Going self-employed requires huge commitment and, sometimes, an even bigger leap of faith; but there's plenty of expert advice available to help you make the transition
We asked three graduate entrepreneurs for their tips on making a success of self-employment. Here’s what they advised…
Add value to your customer's life
First and foremost, your offering must fix a problem efficiently and distinctively. Greg Duggan, co-founder of high-protein, sugar-free ice cream company Wheyhey, is living proof of this fact.
Greg devised Wheyhey after visiting his business partner's diabetic parents, who wrongly believed that their favourite 'low fat, low calorie' frozen yoghurt was beneficial to their health.
In reality, its high fructose content ensured that it certainly wasn't good news - and inspired the development of Greg's nutritious alternative. 'Your business must add value to your customer's life,' he says. 'What could be more satisfying than genuinely helping others?'
Making a difference requires you to focus on maximising quality rather than profit, explains Dr Akanimo Odon, CEO and principal consultant at EnviroFLY Consulting UK, an initiative that helps international organisations form business partnerships with their African counterparts.
Providing great service is especially important, he adds, as self-employed individuals initially lack the reputational leeway of established businesses. 'Always impress your clients with top-quality work,' urges Dr Odon. 'This is crucial, as you're the last line of defence. If a poor job is delivered, you alone are to blame.'
Do something you love
Since self-employment requires so much hard work, it's essential that you spend time doing something that you love. This is especially important early on, as you'll be faced with countless obstacles as your business grows.
Anna Gray is owner of Model Students, a professional modelling agency that finds students part-time, flexible work in their local area. She was inspired to start her business after struggling to balance her full-time undergraduate degree at The University of Nottingham with long-distance modelling work.
Capitalising on this opportunity involved Anna burdening the stress and financial challenges of self-employment, while many of her friends enjoyed well-paid graduate jobs. Five years on, and Model Students has major clients including Boots and Regis, plus impressive expansion plans that involve the recruitment of full-time staff.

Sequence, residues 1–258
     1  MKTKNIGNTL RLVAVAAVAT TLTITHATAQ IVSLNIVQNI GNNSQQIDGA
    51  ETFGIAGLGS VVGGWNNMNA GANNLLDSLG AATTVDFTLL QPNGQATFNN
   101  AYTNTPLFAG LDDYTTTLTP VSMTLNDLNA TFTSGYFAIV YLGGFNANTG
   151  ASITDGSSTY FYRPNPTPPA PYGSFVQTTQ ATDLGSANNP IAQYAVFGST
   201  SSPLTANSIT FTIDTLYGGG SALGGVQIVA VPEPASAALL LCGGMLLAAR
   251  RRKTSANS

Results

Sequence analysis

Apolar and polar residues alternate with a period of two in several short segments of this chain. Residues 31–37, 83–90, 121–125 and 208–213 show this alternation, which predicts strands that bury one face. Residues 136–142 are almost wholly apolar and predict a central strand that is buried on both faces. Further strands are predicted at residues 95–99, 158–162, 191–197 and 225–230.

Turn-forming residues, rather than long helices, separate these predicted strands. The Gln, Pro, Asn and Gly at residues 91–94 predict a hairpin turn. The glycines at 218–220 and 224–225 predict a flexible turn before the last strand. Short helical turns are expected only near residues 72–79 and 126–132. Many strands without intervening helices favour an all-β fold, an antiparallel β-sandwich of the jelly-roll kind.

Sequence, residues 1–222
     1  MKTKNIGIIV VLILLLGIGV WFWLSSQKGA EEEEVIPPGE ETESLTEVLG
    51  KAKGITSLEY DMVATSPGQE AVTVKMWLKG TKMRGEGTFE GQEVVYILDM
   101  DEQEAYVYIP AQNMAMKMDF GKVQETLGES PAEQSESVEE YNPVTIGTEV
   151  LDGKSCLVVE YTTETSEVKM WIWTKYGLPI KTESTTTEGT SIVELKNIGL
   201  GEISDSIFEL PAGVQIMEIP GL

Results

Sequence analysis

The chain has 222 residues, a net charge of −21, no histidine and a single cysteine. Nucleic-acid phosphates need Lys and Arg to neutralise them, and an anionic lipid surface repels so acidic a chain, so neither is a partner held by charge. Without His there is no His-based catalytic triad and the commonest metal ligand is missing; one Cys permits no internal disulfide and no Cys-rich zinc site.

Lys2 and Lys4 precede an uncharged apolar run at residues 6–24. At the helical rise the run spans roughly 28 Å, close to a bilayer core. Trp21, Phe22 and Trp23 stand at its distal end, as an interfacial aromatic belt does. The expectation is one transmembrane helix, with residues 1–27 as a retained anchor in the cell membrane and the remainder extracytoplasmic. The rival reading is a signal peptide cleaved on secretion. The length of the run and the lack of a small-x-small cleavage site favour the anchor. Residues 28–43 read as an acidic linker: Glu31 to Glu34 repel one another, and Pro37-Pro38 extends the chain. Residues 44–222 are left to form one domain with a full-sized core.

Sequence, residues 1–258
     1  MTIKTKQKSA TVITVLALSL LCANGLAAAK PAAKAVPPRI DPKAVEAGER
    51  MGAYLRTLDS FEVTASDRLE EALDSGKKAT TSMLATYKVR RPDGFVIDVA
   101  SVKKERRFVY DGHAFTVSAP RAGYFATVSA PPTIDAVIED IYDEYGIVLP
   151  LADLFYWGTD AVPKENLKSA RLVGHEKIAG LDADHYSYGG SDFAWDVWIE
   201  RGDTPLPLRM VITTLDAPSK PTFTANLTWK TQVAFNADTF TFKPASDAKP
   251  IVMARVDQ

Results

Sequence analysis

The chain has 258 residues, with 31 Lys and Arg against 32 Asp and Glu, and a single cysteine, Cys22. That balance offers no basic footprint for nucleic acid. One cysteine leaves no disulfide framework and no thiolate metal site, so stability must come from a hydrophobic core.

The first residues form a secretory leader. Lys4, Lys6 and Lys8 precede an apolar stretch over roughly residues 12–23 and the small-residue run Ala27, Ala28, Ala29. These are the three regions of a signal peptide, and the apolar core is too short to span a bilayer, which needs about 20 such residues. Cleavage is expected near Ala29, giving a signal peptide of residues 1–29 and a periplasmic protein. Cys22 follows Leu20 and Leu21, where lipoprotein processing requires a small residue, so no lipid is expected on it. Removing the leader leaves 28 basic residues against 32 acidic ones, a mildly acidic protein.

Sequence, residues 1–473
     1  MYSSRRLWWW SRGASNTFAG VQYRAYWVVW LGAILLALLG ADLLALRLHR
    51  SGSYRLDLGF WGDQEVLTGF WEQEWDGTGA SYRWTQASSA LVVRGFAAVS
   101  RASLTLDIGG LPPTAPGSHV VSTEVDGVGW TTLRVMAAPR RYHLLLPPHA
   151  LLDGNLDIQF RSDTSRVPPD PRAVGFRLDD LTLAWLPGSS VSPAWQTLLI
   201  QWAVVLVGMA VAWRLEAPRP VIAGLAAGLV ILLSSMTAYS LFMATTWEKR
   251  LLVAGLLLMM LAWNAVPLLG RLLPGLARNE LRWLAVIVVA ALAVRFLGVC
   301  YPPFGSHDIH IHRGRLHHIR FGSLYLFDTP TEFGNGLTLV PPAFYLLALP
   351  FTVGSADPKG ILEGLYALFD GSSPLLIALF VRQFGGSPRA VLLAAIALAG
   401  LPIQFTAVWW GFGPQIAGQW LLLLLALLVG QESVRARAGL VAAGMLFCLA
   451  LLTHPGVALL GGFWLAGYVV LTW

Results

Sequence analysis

'Self-employment is really exciting, and looking back at what I've achieved is amazing,' Anna says. 'What's more, I'm doing something that I love and find fun.'
Understand your industry
Industry knowledge is imperative - you should never consider starting a business without having a strong sector understanding first.
Greg and Anna both formed businesses in industries they knew well. Dr Odon, meanwhile, established EnviroFLY after recognising that the African market's 'peculiar' business culture was deterring potential collaborators from abroad - despite the continent's obvious economic potential.
'Africa is a virgin business market waiting to be explored,' he says. 'Having spent a long time before and during my postgraduate studies at Lancaster University developing extensive links and networks in numerous key industries, it made sense to set up a company that helps global clients to enter and grow in the African market.'
You must also thoroughly understand any specialist legislation that affects your business. Anna recalls one incident where someone attempted to sue her under copyright law after using a photograph.
'Luckily, it all turned out okay and I wasn't in the wrong,' she recalls. 'But because I was unsure of the law, I had many sleepless nights until the issue was resolved.'
Keep costs low
Being financially savvy in your business's infancy is particularly important. Greg, who started Wheyhey with a second-hand ice cream machine purchased for £150 from eBay, urges budding entrepreneurs to spend wisely, and remember that all initial expenditure must be recouped.
'It's easy to focus on getting your business started at any cost,' he warns. 'But don't lose sight of the cash that you're spending. Have a clear plan as to how and when you're going to pull the money back.'
You can make significant savings by becoming innovative in your sourcing, development and delivery. Dr Odon suggests that your first strategic partner should be your university and its extensive alumni network. This, he claims, could help you to keep costs low - and that isn't the only benefit.
'The worst thing about self-employment is the limited resources, whether it's time, manpower, knowledge or funding,' he admits. 'Working in strategic partnership with others to bridge the gaps is therefore vital.'
Combine self-belief with self-reflection
Last but not least, you must balance unwavering self-assurance with the eagerness to learn from others.
Greg emphasises the importance of maintaining an 'uncompromised persistence and belief' in yourself and your vision - even in the face of rejection. In addition, you shouldn't be overly formal in your presentation and communication, as this can compromise potential business relationships. 'Be respectful, courteous and polite, but above all be you,' Greg advises.
While Anna agrees that self-confidence is vital, she also highlights the importance of learning from others and responding positively to constructive criticism. 'You'll find plenty of people who want to offer advice,' she adds. 'This can sometimes be a little frustrating, but always listen - they might just come up with something that you haven't thought about.'